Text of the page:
Military cuts undermine Fed's push for growth
THE recovery in the US economy stalled late last year as cuts in military spending and other factors overwhelmed the Federal Reserve's campaign to stimulate growth.
The economy contracted at an annual rate of 0.1 per cent in the final three months of 2012, the worst quarter since the last recession, hampered by the lower military spending, fewer exports and smaller business stockpiles, preliminary data indicated on Wednesday.
The Reserve, in a separate appraisal, said economic activity "paused in recent months".
Still, economists said the seemingly bleak gross domestic product report was not a sign another recession was looming. The data showed relatively strong spending by consumers and businesses, even as military spending posted its sharpest quarterly drop in 40 years.
Forecasters expect growth this year will rebound to 1.5 per cent, a little lower than the pace it has managed over the last three years.
"This is the tip of the iceberg on fiscal austerity from Washington," the co-head of global economics research at Bank of America Merrill Lynch, Ethan Harris, said. "It was exaggerated this quarter by the unusually large drop in defence spending but that and higher taxes will start hurting" in coming months.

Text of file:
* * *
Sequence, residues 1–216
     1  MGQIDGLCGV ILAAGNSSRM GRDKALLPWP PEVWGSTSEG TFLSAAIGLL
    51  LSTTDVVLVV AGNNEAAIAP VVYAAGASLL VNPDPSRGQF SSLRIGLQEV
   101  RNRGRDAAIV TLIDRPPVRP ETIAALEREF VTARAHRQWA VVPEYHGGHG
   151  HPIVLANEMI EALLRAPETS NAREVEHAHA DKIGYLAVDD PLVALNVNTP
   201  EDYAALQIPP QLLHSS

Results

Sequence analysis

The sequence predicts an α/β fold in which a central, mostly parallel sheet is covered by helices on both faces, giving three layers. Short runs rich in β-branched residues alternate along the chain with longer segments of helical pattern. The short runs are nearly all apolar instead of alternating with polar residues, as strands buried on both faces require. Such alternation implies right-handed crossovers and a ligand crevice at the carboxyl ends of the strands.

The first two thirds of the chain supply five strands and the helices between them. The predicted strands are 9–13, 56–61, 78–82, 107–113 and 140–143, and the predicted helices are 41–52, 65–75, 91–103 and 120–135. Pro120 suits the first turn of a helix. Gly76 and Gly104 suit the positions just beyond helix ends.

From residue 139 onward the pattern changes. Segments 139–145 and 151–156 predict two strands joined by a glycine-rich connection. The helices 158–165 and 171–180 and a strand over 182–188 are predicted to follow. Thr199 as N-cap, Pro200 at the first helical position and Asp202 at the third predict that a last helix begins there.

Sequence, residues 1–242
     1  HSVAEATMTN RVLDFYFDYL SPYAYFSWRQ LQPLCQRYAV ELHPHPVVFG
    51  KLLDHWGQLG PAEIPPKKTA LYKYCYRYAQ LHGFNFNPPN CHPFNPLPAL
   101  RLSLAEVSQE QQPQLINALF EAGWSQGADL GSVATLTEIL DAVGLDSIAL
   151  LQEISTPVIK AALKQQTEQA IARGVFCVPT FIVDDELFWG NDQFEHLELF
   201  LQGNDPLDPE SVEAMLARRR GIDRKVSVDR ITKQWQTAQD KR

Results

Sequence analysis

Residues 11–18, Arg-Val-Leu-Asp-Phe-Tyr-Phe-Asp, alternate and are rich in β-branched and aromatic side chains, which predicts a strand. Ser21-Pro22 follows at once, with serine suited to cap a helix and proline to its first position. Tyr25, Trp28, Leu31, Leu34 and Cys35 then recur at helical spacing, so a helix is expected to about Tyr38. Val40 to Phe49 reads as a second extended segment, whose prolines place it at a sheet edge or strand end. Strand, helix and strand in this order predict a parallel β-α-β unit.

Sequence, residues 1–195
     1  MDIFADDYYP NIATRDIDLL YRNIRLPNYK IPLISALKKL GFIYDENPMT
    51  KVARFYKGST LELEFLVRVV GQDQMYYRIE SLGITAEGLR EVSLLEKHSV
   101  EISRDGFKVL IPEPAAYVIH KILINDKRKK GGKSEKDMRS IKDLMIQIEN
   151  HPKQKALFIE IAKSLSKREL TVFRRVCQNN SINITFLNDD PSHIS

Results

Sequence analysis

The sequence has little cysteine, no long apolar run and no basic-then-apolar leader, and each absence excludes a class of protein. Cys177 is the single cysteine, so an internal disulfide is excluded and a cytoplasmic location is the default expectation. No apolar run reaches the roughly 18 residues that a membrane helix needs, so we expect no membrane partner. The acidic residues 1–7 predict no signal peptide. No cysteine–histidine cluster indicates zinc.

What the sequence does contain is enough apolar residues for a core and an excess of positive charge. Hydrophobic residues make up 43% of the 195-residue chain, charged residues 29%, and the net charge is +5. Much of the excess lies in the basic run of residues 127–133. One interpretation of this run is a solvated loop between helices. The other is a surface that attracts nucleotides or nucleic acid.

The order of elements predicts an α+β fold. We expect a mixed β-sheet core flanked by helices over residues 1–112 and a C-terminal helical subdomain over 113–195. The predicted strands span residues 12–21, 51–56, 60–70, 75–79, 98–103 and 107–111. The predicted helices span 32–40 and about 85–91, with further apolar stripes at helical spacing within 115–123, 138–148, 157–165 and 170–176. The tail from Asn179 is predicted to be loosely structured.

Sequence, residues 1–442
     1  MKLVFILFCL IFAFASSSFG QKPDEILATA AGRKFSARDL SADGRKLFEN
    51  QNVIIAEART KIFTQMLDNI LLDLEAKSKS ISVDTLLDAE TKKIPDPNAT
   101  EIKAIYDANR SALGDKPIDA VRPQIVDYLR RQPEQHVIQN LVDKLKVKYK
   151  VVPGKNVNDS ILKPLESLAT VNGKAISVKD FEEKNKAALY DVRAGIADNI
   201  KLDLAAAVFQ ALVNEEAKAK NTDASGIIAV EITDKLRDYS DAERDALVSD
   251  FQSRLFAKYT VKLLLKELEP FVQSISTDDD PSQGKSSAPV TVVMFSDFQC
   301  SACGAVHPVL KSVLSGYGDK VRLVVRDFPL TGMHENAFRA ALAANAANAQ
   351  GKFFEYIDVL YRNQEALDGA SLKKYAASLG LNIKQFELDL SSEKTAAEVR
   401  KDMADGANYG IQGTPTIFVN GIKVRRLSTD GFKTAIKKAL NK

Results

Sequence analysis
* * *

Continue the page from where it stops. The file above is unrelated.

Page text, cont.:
The drop in exports stemmed in part from a fall in growth in Europe, where governments have also cut spending in a bid to balance budgets.
The parallel contractions are likely to provide fodder for economists who argue austerity efforts have gone too far in many developed economies.
The weak numbers could also force politicians to limit the cuts scheduled to take effect if Congress fails to produce a budget bargain in the coming weeks, and strengthen the argument that deficit reduction is a lesser concern than job creation.
The Reserve said it would continue its efforts to revive growth by holding short-term interest rates near zero and increasing its holdings of Treasury securities and mortgage-backed securities. Those policies aim to reduce borrowing costs for businesses and consumers.